SEATTLE – A federal judge has thrown out a lawsuit brought by more than 100 Seattle police officers who said new guidelines on using force jeopardized their safety.
The officers’ arguments were unsupported by the Constitution or case law, Chief U.S. District Judge Marsha Pechman said in an opinion issued Monday.
The Seattle Police Department adopted a new policy concerning the use of force under a 2012 settlement agreement with the U.S. Justice Department, which found that Seattle police routinely used excessive force, especially in low-level situations that might otherwise have been defused.
“It would be at least surprising if allegations of such a pattern or practice did not lead to the adoption of stricter standards for use of force by officers,” Pechman wrote.
The policy lists guidelines for every weapon used and requires the most serious uses of force to be investigated by a special team. It spells out when force is appropriate, stresses alternatives to force and requires that officers carry at least one less-lethal tool such as a Taser.
The officers who signed on to the lawsuit, without the support of the police guild, objected, saying the policy elevates the rights of criminal suspects over those of police. They argued that Merrick Bobb, the court-appointed monitor overseeing the reforms, refused input from the police department in the drafting of the new policy, and that it violates their constitutional right to defend themselves.
Pechman took a dim view of those claims. Even if Bobb did ignore the input of officers, “he used his court-endowed discretion to reach a result Plaintiffs do not agree with,” she wrote. At any rate, Bobb is immune from lawsuits in his capacity as a quasi-judicial officer, she said.
The judge also dismissed the officers’ constitutional arguments, saying that while the Second Amendment ensures the right to keep and bear arms, it doesn’t protect the right to use the weapons.
Nor did she agree with the officers’ insistence that the policy violated a “right of self-defense as embedded in the Fourth Amendment,” which protects against unreasonable search and seizures. Pechman said the argument grossly misconstrued Fourth Amendment law.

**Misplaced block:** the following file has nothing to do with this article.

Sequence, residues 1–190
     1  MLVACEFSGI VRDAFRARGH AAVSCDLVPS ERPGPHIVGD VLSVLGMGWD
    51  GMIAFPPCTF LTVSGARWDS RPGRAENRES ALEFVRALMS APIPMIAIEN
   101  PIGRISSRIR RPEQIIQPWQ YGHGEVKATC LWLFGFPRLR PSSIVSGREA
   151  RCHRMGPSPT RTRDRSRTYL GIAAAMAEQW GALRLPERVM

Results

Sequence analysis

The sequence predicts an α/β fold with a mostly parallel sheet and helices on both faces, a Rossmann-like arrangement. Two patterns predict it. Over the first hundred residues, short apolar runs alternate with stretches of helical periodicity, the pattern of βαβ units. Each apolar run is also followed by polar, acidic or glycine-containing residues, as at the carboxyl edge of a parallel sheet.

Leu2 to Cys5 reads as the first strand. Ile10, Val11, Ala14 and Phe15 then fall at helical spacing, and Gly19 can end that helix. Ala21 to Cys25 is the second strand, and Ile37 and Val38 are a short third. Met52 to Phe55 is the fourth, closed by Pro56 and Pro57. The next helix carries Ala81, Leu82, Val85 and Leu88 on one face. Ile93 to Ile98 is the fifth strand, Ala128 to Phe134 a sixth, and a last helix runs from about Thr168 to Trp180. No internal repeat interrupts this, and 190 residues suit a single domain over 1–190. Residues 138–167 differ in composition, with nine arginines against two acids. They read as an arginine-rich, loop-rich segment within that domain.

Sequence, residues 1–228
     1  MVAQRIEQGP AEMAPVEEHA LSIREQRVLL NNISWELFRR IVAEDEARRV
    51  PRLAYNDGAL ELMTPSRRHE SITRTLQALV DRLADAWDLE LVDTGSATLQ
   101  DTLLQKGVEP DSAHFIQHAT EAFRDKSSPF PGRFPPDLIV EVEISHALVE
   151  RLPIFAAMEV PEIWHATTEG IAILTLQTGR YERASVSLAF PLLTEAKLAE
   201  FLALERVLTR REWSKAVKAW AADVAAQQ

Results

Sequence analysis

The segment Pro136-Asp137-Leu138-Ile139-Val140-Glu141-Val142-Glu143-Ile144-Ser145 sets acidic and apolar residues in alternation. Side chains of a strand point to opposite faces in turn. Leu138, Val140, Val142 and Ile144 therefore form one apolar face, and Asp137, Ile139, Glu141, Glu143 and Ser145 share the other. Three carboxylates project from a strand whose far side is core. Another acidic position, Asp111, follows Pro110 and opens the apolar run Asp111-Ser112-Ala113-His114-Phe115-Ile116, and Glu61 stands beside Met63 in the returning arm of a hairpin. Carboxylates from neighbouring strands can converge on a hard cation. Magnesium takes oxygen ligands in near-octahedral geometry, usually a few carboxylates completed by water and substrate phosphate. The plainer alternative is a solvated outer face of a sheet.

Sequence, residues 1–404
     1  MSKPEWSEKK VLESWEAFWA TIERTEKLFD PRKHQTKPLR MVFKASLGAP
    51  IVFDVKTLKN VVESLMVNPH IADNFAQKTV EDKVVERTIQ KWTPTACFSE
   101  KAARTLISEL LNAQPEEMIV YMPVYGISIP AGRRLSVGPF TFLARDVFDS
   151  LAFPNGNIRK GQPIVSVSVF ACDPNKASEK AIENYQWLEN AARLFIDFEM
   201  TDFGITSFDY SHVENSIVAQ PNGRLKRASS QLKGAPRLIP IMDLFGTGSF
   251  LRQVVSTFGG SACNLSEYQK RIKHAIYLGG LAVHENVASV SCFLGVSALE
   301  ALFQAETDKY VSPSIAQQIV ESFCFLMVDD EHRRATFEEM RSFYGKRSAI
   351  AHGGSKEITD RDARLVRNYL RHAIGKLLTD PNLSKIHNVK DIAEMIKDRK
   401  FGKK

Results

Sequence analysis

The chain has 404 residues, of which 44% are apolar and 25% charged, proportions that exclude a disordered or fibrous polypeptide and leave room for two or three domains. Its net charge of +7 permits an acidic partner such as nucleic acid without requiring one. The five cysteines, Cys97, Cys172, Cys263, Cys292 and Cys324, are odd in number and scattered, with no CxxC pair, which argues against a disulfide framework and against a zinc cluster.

She dismissed the case with prejudice, meaning the officers cannot amend or refile their claims.
Athan Tramountanas, a lawyer for the officers, did not immediately return a message seeking comment.
“Judge Pechman’s dismissal of the suit today confirms that SPD’s use-of-force policy is both practical and constitutional,” Mayor Ed Murray said in a written statement. “Today we move forward with police reform and move past internal divisions over policy. The City and the officers who filed the lawsuit share the same objectives: safety for the public, and safe working conditions for the officers who provide for the public’s safety.”
Justice Department officials said all along the lawsuit was without merit, and stressed that the consent decree requires evaluation of new policies on using force, bias-free policing and responding to people having mental or drug-related issues to make sure they’re working. To that end, the Seattle U.S. Attorney’s Office sent a letter to the city last month seeking data on uses of force between April 1 and Sept. 30, along with any administrative data showing how much time officers spent filling out paperwork on those incidents.